Skip to main content

Google places more limitations on political ads ahead of elections

Google logo
Google logo (Image credit: Android Central)

What you need to know

  • Google is placing new limitations on the targeting of political ads, beginning next week in the UK and worldwide on January 6, 2020.
  • Previously, political ads could be targeted using "public voter records and general political affiliations (left-leaning, right-leaning, and independent)" in the U.S.
  • Going forward, political ads will be restricted to "age, gender, and general location (postal code level)."

Whether we like it or not, tech companies are becoming integral to the election process. All you have to do is look back at the scandal with Facebook and Cambridge Analytica to see just how influential they can be and why we should all be concerned.

Thankfully, some tech companies are stepping up and doing something about it. Some are doing more than others though, for example, Twitter has decided to ban all political ads on its platform. While other companies, such as Google, are simply adding some more restrictions on how ads can be targeted ahead of the elections.

In the past, Google allowed verified advertisers to target users based on "public voter records and general political affiliations (left-leaning, right-leaning, and independent)" in the U.S.

Going forward, Google will now only allow election ad targeting based on "age, gender, and general location (postal code level)." This will affect ads across all Google platforms, including search ads, YouTube ads, and ads served by Google that appear on websites.

Google Campus Logo

Source: Android Central (Image credit: Source: Android Central)

However, political advertisers will still be able to do contextual advertising based on the subject matter. For example, serving political ads to people who are reading articles about the economy.

The new changes will take effect within the next week in the UK just in time for the EU general election, and will roll out worldwide beginning on January 6, 2020.

Along with the new changes to targeted ads, Google also points out that it holds political ads to the same standards as all advertising when it comes to false claims. Saying just as it would not allow a company to advertise a chair with a misleading price, it also won't allow political ads that include obviously fake information such as a candidate dying or election day being postponed. However, Google recognizes that it will be impossible to catch every mistake but it will continue to look for "clear violations."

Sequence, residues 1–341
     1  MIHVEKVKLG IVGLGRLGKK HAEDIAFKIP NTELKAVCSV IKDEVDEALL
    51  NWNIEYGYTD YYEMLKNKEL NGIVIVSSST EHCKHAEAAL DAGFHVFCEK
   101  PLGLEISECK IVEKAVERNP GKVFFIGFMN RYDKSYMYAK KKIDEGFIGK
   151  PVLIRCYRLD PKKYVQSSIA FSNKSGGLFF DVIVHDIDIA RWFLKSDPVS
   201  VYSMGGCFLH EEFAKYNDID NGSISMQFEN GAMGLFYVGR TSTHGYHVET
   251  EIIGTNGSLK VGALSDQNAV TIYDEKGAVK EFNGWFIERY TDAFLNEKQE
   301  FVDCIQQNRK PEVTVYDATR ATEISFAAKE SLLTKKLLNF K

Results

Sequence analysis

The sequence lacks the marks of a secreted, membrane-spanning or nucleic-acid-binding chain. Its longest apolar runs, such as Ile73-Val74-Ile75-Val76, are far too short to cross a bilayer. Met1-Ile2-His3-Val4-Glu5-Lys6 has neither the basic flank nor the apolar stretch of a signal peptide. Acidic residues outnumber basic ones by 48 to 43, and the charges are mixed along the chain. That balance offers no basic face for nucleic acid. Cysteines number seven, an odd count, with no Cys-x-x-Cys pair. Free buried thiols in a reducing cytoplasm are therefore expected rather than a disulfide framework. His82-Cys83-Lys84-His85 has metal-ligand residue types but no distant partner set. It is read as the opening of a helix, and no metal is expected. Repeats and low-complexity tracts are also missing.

Of course, we recognize that robust political dialogue is an important part of democracy, and no one can sensibly adjudicate every political claim, counterclaim, and insinuation. So we expect that the number of political ads on which we take action will be very limited—but we will continue to do so for clear violations.

Google also understands that transparency is of the utmost importance when it comes to political advertising. This is why it offers a transparency report where you can look up the "content of the ads themselves, who paid for them, how much they spent, how many people saw them, and how they were targeted." Beginning December 3, 2019, Google is even expanding this to now cover "U.S. state-level candidates and officeholders, ballot measures, and ads that mention federal or state political parties" as well as making them searchable.

I guess it would have been a little much to expect Google to completely ban political ads, the company does make a lot of its money off of its advertising platform after all. However, it's nice to see Google taking some steps to restrict the ads and to try to "do the right thing" as its motto states.

Facebook never earned your trust and now we're all paying the price

  • I'd rather see ads from candidates I might actually vote for instead of bunch of obnoxious lies from people I would cross the street to punch. This could definitely make things worse.
  • EU general election? I thought I was to be voting in a UK general election.
  • That's a two edged sword. Sure they might filter out some "fake news"...while also further encroaching on and damaging free speech. The question must be asked we want a corporation deciding what free speech ought to be?